• [0065]
    It should be noted that, in addition to being used to reduce data complexity, correlation of the experimental MS peaks to the theoretical in silico peptide masses also can be used to identify member proteins of the sample (which aspect is described in further detail below). Even if the assignments are made using the non-unique mass data, it is highly unlikely that a sample protein will not eventually be identified during the methods of the present invention, since alternative peptide fragments will also be identified and assigned. However, additional experiments, such as tandem MS, can optionally be performed to confirm any questionable MS peak assignments. The number of experiments necessary for the few questionable situations would not have nearly as dramatic an effect on throughput as compared to performing all of the identifications by tandem MS.
  • [0066]
    Typically, both the mass list of experimental MS peaks and the second list of theoretical masses represent a plurality of proteolytic peptides generated by action of a proteolytic agent upon member sequences. Optionally, the mass data also reflects additional criteria beyond the presence of a proteolytic cleavage site. For example, the second list of in silico theoretical masses can include masses for polypeptides that were incompletely cleaved due to missed cleavage sites (as happens in the real world). Optionally, the database can include up to one, two, three, or more missed cleavages per peptide sequence. As another option, the database of sequences can be limited in size, for example, to include only peptides that fall within a selected size range. In addition, the database can be selected to include only peptides having a selected amino acid. Furthermore, any combination of these (or other) criteria can be applied to the databases employed in the present invention.
  • [0067]
    In a further embodiment, the methods for reducing data complexity as provided herein can be performed in an iterative manner. After correlating some of the experimental mass peaks with their corresponding peptide in the second database, the newly-identified proteins from the second database are added to the first database of identified proteins, thereby regenerating the first database. Additional proteolytic peptide masses are determined based upon the new members of the first database, and the calculating and correlating steps are repeated to assign more experimental MS peaks, identify additional peptide fragments (and corresponding proteins), and reduce the complexity of the MS data set further. The process can be performed in an iterative manner until no further unidentified MS peaks can be assigned. Depending upon the protein complement of the sample, this iterative process can be used to identify 50%, 75%, 90%, 95%, 99% or essentially 100% of the member proteins of the sample.
  • [0068]
    As another embodiment of the present invention, method of reducing a number of peaks to further be analyzed in a mass spectrum for a sample are provided. The methods include the steps of a) generating a first amino acid sequence database comprising an amino acid sequence of at least one protein present in the sample; b)calculating a first list of theoretical masses for a first set of known in silico proteolytic peptides generated from the first database; c) correlating a first theoretical mass with a position of an unidentified MS peak in a mass spectrum for the sample, thereby determining the presence in the sample of a first protein that comprises a peptide having a mass equal to the first theoretical mass; and d)identifying one or more MS peaks that correspond to masses for the known in silico proteolytic peptides, thereby reducing the number of peaks to further be analyzed in the mass spectrum.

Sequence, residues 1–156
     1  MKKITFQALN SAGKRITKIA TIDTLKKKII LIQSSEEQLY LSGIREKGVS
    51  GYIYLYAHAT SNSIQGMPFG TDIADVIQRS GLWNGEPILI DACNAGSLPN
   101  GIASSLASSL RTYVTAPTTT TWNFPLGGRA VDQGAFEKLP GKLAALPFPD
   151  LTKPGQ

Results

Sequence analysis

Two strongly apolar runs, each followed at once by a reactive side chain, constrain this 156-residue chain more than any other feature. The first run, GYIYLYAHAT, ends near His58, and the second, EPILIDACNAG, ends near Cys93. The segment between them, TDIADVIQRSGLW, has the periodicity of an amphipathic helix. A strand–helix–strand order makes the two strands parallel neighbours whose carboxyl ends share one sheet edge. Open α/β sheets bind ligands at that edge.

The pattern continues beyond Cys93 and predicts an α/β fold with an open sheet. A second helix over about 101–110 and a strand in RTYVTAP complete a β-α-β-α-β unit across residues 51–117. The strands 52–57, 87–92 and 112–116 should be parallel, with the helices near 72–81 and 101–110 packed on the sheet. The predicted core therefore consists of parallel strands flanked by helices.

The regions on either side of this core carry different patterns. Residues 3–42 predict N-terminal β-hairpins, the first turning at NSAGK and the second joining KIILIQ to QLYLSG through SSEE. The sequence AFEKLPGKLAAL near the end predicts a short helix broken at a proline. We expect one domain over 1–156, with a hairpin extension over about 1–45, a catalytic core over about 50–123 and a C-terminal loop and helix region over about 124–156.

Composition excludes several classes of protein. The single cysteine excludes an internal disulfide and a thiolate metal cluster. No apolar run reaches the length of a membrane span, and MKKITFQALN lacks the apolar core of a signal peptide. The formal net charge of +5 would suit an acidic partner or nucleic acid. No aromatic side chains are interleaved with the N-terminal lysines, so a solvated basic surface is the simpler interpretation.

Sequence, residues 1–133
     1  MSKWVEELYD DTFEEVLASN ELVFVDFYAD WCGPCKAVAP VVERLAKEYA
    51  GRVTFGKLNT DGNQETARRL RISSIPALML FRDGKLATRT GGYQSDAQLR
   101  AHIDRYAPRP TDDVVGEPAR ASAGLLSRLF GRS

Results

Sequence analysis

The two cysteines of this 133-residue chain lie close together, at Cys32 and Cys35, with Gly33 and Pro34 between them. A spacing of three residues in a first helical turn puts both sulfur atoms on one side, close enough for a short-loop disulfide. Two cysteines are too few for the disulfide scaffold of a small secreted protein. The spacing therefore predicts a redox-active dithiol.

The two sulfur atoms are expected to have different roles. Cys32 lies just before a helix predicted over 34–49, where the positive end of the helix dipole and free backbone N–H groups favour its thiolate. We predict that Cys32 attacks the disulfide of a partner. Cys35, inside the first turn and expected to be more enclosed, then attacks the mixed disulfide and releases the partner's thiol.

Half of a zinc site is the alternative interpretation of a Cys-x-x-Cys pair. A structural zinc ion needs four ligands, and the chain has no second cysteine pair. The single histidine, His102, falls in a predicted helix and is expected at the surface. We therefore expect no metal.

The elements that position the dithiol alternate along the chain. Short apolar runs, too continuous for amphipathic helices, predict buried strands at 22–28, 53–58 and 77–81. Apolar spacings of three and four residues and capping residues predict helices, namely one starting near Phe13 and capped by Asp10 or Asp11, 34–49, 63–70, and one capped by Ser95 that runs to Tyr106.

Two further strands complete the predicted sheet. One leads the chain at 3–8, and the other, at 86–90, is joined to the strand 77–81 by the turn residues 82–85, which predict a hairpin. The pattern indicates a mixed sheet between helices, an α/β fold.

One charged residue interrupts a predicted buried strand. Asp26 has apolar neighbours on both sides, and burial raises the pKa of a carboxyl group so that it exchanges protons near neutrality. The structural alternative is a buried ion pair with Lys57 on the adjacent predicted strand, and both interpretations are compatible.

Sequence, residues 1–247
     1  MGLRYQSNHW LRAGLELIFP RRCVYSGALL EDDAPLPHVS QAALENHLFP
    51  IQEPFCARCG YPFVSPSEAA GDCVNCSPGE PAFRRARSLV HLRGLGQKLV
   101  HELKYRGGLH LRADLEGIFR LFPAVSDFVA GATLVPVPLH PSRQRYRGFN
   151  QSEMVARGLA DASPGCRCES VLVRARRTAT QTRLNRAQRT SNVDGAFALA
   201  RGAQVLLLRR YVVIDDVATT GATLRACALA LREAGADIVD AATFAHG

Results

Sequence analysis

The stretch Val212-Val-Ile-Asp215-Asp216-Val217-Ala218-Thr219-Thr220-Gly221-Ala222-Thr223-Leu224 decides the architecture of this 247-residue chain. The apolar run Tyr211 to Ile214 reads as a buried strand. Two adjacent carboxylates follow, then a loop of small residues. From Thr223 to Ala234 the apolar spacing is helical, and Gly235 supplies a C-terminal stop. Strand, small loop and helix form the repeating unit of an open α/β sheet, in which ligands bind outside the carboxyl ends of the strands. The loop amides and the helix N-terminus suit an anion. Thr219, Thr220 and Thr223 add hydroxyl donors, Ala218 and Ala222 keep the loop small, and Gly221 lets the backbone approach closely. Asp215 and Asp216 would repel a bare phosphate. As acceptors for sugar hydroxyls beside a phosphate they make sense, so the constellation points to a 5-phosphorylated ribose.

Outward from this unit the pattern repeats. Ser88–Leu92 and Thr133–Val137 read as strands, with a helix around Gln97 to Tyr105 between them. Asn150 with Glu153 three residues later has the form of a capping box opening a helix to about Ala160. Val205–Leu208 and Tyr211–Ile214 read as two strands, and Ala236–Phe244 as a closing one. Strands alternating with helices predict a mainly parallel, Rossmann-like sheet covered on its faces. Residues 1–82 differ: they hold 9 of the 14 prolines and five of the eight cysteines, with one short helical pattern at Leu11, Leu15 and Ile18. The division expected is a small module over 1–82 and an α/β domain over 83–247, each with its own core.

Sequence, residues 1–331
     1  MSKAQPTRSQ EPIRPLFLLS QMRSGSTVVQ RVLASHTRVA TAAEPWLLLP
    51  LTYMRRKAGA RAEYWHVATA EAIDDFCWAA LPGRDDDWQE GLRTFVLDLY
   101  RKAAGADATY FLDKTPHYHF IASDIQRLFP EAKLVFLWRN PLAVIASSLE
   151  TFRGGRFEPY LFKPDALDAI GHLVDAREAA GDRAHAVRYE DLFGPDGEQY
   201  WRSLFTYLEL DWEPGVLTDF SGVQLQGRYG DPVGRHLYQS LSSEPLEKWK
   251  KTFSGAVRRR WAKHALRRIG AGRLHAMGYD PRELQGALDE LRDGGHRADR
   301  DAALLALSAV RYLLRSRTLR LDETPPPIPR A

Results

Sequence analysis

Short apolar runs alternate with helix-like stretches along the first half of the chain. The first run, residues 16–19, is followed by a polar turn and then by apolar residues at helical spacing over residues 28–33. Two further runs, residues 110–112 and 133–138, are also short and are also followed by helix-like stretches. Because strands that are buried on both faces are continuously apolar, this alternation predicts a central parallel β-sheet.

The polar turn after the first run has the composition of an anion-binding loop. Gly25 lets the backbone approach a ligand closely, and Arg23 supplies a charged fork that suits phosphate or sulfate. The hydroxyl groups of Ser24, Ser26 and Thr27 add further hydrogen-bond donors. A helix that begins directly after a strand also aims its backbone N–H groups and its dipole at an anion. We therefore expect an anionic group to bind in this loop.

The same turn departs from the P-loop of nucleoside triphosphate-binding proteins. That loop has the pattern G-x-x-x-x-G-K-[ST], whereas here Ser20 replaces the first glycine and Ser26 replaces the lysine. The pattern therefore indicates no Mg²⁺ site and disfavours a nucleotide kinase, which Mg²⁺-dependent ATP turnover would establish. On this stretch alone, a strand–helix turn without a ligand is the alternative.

• [0069]
    Reducing Complexity Due to Redundant Peptides from Identified Proteins
  • [0070]
    As another optional aspect of reducing data complexity, additional MS peaks derived from an identified protein can be removed from the experimental mass list without direct identification. This can be achieved by i) calculating theoretical molecular masses for additional in silico polypeptides derived from an identified protein; and ii) analyzing the mass peak list of MS data and assigning the mass peaks to the identified protein (i.e., removing the mass spectral data from further analysis) if the mass spectral data for the additional peptide meets certain strict criteria. As a first criterion, the mass peak in question can be removed from further consideration (e.g., disregarded due to putative assignment) if a) the mass peak is within 5 ppm mass tolerance (or 4 ppm, or 3 ppm, or 2 ppm, or 1 ppm, depending upon the stringency desired) of the theoretical molecular mass of an additional in silico peptide derived from the previously identified protein. Optional additional criteria include if either b) the expression ratio determined for the additional peptide corresponds to an expression ratio for the first identified peptide; and/or c) the second peptide contains the expected number of derivatized amino acids (i.e., the observed number of selected amino acids, as determined by isotope labeling, corresponds to the number of expected theoretical derivatized amino acids for the second in silico peptide.) This procedure can also be used in alternative steps of the methods of the present invention, e.g., as an aspect of correlating the theoretical masses for the identified proteins with unidentified members of the mass peak list.